11. 12. Sample Exam Question
  12. 13. “ Bricks-and-Clicks” <ul><li>Traditional retail chains and online presence tend to have synergy </li></ul><ul><ul><li>Online access to store information—hours, locations, directions </li></ul></ul><ul><ul><li>Checking on “in stock” status on local stores </li></ul></ul><ul><ul><li>Online orders with store pickup </li></ul></ul><ul><ul><li>Online orders with delivery; store return option </li></ul></ul><ul><li>Brand equity </li></ul><ul><li>Volume purchasing power </li></ul><ul><li>Inventory assortment warranted by combined store and online sales </li></ul>
  13. 14. Micro-payments: Opportunities and costs <ul><li>Considerable online content and services could be made profitably available for a small charge (e.g., 1 ¢-$2.00) </li></ul><ul><li>However, collecting small amounts of money can be </li></ul><ul><ul><li>Costly—credit card firms or debit processing firms may charge a significant per transaction fee </li></ul></ul><ul><ul><li>Inconvenient—the customer may not be willing to enter much information </li></ul></ul><ul><li>Mobile technology—with active login—may be helpful for the higher end (e.g., 50¢+) </li></ul>
  14. 15. SEARCH ENGINE OPTIMIZATION <ul><li>Search engines </li></ul><ul><li>Search engine rankings </li></ul><ul><li>Optimizing for rankings </li></ul><ul><ul><li>Content </li></ul></ul><ul><ul><li>Reciprocal linking </li></ul></ul>
  15. 16. Search Engines <ul><li>Search engine market dominated by Google </li></ul><ul><li>Microsoft’s new BING search engine—the “decision engine” </li></ul><ul><ul><li>Reported to match search results to user IP address  local results possible </li></ul></ul><ul><ul><li>Deals with Facebook and Twitter for better “real time” access </li></ul></ul>
  16. 17. Search engines <ul><li>Use an algorithm to identify preferred links </li></ul><ul><li>Algorithms may involve </li></ul><ul><ul><li>Usage of keywords </li></ul></ul><ul><ul><li>“ Popularity” (number of links pointing inward) </li></ul></ul><ul><ul><li>Other criteria—often proprietary </li></ul></ul><ul><ul><li>“ Click-through” rates from the respective search engine (NOT overall traffic volume on the site) </li></ul></ul><ul><li>Historically, key word repetition was the most important factor. Today, on Google, quality links appear to be more important than key words. </li></ul><ul><li>Internet consultants will make recommendations for a fee. Many have strong opinions on “what works.” Most are short on evidence that they are correct. </li></ul>
  17. 18. Search Engine Optimization: Reciprocal Linking <ul><li>Linking from highly rated web sites greatly increases the ranking of a site </li></ul><ul><li>Linking from low rated sites does not appear to help much </li></ul><ul><li>The weight of a link may be determined by the number of links at that page—one link among many is worth less </li></ul><ul><li>Linking to “spamming” sites may be penalized </li></ul>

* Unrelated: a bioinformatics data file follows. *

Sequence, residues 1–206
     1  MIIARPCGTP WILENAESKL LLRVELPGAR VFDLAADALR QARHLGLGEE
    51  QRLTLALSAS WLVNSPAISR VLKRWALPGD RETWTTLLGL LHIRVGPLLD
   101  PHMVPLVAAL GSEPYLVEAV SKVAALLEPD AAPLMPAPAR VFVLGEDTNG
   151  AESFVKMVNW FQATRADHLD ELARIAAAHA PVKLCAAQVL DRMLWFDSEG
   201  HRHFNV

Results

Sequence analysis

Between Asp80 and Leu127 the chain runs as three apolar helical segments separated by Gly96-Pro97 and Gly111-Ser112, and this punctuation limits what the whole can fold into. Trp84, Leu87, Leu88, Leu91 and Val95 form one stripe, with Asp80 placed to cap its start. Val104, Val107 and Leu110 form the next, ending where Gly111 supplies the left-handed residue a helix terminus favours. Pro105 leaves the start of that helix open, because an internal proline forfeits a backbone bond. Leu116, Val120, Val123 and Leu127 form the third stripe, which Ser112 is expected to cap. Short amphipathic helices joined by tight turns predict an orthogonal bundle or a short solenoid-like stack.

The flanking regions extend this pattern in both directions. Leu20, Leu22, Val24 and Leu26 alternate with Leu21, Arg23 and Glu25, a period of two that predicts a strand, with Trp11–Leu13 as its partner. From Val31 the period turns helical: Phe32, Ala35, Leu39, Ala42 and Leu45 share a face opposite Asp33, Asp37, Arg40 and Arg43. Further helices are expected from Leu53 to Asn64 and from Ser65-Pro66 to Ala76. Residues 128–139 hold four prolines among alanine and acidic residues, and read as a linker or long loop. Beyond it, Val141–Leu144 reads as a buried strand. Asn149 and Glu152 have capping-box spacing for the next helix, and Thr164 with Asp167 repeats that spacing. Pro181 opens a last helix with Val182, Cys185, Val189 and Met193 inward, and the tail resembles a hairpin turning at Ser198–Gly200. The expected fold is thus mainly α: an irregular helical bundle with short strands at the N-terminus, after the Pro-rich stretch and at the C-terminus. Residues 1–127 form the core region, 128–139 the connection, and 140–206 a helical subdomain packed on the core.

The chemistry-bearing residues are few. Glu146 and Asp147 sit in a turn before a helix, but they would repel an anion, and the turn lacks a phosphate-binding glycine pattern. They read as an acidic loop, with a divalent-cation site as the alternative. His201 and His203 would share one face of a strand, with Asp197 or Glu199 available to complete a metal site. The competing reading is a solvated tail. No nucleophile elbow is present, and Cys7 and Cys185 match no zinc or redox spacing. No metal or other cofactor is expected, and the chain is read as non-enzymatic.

18. 19. Search Engine Optimization: Text <ul><li>Credible repetition of key words </li></ul><ul><ul><li>Frequently greater credit for </li></ul></ul><ul><ul><ul><li>Bolded words </li></ul></ul></ul><ul><ul><ul><li>Words early in the document </li></ul></ul></ul><ul><li>Identification of desirable key words </li></ul><ul><ul><li>Analysis of competing sites </li></ul></ul><ul><ul><li>Customer interviews </li></ul></ul><ul><li>Misspellings </li></ul>
  19. 20. Search Engine Optimization: Other <ul><li>Domain names </li></ul><ul><ul><li>If the domain name features the keyword, more weight is given </li></ul></ul><ul><ul><li>Google considers the underscore a space—e.g., Marketing_Tips.com . </li></ul></ul><ul><li>Listing in the Open Directory Project ( http://www.DMOZ.org ) . </li></ul><ul><li>Most search engines no longer rely on meta tags—”invisible” information from webmasters about the site—since these can be manipulated. Using meta tags, however, tells your competitors what you are trying to accomplish . </li></ul>
  20. 21. M-commerce: Mobile phone/PDA/ “gadget” access and sales <ul><li>High growth in mobile technology with Internet access </li></ul><ul><li>.mobi domain is intended for web sites optimized for small screens </li></ul><ul><li>Google Android project is intended to increase uniformity of display across cell phone models </li></ul><ul><li>Many countries are running ahead of the U.S. </li></ul><ul><li>Useful in making “micro-payments”—buying a soda or other low cost item </li></ul><ul><li>Current advertisements for mobile phone banking </li></ul>
  21. 22. Social Media <ul><li>“ Word-of-mouth” or “word-of-click campaigns” </li></ul><ul><li>Targeting of specific demographics  efficiency </li></ul><ul><li>Exposure through online games </li></ul>
  22. 23. Facebook <ul><li>Targeting by demographics </li></ul><ul><li>Online presences through </li></ul><ul><ul><li>Applications </li></ul></ul><ul><ul><li>“ Managed” (“Fan”) pages </li></ul></ul>